Savitri becomes first leopard at Mumbai’s SGNP to be radio-collared
In a first, a female leopard was radio-collared and released back into the wild at the Sanjay Gandhi National Park (SGNP) on Saturday.
Savitri, named after the social reformer and educationist Savitribai Phule, became the first leopard to be radio-collared at SGNP. The two-year-long project to radio-collar leopards was initiated in 2018 when the park authorities signed a memorandum of understanding (MoU) with the Wildlife Conservation Society – India (WCS). The project is aimed at tracking and understanding the animal’s movement.
G Mallikarjuna, director, SGNP, said, “We are hoping that Savitri will help us understand leopards better. Under this project, a total of five leopards will be radio-collared and tracked.”
The collars work by sending signals via satellite, which researchers can then use to investigate where the animal is and what it is doing.
The key goals of this project are to obtain knowledge on how humans and leopards interact with each other, and how each adapts to the presence of the other. The collars will help gather information on how leopards move across major roads such as Ghodbandar Road and understand their use of space and time in the SGNP landscape. This data will then help provide management recommendations concerning the way these big cats move in the landscape and conflict mitigation based on the results of the study.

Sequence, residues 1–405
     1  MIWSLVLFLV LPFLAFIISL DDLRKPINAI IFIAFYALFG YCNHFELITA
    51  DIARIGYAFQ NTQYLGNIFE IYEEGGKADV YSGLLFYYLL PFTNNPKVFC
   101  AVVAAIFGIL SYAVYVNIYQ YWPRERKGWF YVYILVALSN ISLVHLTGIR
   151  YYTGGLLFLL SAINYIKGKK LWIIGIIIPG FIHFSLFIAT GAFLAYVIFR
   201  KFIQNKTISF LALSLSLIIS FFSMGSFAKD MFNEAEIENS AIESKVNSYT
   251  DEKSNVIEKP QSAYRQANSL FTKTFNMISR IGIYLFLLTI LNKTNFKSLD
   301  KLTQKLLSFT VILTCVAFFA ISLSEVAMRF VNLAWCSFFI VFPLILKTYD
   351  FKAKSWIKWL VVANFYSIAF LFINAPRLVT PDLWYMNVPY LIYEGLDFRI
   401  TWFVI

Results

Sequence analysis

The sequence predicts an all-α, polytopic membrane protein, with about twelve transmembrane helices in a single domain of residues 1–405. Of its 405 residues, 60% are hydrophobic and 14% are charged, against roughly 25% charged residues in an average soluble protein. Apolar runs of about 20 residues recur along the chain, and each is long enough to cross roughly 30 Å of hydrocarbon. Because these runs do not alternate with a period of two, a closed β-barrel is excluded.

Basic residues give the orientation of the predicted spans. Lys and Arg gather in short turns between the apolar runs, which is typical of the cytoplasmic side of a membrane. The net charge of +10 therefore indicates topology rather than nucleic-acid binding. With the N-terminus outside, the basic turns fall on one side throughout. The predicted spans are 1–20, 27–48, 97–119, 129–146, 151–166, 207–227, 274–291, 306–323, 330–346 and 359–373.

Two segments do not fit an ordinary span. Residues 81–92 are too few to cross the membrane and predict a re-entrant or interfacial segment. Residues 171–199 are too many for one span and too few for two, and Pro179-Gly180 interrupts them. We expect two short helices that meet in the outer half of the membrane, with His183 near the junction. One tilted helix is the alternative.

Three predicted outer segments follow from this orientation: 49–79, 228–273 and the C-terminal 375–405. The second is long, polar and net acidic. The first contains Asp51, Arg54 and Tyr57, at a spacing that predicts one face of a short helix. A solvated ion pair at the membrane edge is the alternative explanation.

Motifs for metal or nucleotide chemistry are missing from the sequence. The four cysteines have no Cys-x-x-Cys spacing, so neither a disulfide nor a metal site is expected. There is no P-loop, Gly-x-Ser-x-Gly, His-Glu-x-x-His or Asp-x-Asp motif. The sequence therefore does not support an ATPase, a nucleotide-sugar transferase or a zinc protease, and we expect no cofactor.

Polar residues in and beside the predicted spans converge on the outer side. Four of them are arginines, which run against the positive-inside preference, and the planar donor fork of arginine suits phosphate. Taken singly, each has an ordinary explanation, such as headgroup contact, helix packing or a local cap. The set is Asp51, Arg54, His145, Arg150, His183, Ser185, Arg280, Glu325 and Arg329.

Dr Vidya Athreya, WCS, said, “In 2008, when we radio-collared leopards in rural India, it changed the narrative of how big cats behave. It helped us understand that they are more shy than they are aggressive. This project at SGNP will give us yet another level of insight as in Mumbai, a high density of people live in such proximity to big cats. It will also help us track their pathway and understand how they cross busy roads such as the Ghodbunder Road. This will then help us manage them better to bring down mortality.”